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  1. We consider the problem of reconstructing a rank-one matrix from a revealed subset of its entries when some of the revealed entries are corrupted with perturbations that are unknown and can be arbitrarily large. It is not known which revealed entries are corrupted. We propose a new algorithm combining alternating minimization with extreme-value filtering and provide sufficient and necessary conditions to recover the original rank-one matrix. In particular, we show that our proposed algorithm is optimal when the set of revealed entries is given by an Erdos-Renyi random graph. These results are then applied to the problem of classification from crowdsourced data under the assumption that while the majority of the workers are governed by the standard single-coin David-Skene model (i.e., they output the correct answer with a certain probability), some of the workers can deviate arbitrarily from this model. In particular, the adversarial'' workers could even make decisions designed to make the algorithm output an incorrect answer. Extensive experimental results show our algorithm for this problem, based on rank-one matrix completion with perturbations, outperforms all other state-of-the-art methods in such an adversarial scenario. 
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  2. null (Ed.)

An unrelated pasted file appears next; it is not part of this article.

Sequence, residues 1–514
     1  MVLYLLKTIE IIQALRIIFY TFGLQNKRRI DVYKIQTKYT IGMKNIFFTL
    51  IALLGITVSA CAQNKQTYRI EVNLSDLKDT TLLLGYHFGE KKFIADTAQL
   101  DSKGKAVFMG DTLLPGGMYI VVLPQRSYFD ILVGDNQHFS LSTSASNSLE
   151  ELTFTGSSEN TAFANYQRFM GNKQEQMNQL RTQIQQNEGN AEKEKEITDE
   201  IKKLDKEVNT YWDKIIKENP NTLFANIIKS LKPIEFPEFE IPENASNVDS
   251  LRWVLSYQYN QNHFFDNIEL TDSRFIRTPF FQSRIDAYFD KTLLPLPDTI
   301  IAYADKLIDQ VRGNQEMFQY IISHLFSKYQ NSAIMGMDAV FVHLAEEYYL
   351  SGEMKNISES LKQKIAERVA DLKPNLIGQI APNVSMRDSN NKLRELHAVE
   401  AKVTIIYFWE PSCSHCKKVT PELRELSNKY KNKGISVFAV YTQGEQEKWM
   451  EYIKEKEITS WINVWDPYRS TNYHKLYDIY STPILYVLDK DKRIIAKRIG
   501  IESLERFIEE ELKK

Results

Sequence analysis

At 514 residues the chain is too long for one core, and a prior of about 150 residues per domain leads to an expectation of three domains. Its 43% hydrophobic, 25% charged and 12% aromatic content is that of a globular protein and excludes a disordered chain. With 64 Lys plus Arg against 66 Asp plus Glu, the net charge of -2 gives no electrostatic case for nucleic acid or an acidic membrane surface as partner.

Wood formation consumes around 15% of the anthropogenic CO 2 emissions per year and plays a critical role in long-term sequestration of carbon on Earth. However, the exogenous factors driving wood formation onset and the underlying cellular mechanisms are still poorly understood and quantified, and this hampers an effective assessment of terrestrial forest productivity and carbon budget under global warming. Here, we used an extensive collection of unique datasets of weekly xylem tissue formation (wood formation) from 21 coniferous species across the Northern Hemisphere (latitudes 23 to 67°N) to present a quantitative demonstration that the onset of wood formation in Northern Hemisphere conifers is primarily driven by photoperiod and mean annual temperature (MAT), and only secondarily by spring forcing, winter chilling, and moisture availability. Photoperiod interacts with MAT and plays the dominant role in regulating the onset of secondary meristem growth, contrary to its as-yet-unquantified role in affecting the springtime phenology of primary meristems. The unique relationships between exogenous factors and wood formation could help to predict how forest ecosystems respond and adapt to climate warming and could provide a better understanding of the feedback occurring between vegetation and climate that is mediated by phenology. Our study quantifies the role of major environmental drivers for incorporation into state-of-the-art Earth system models (ESMs), thereby providing an improved assessment of long-term and high-resolution observations of biogeochemical cycles across terrestrial biomes. 
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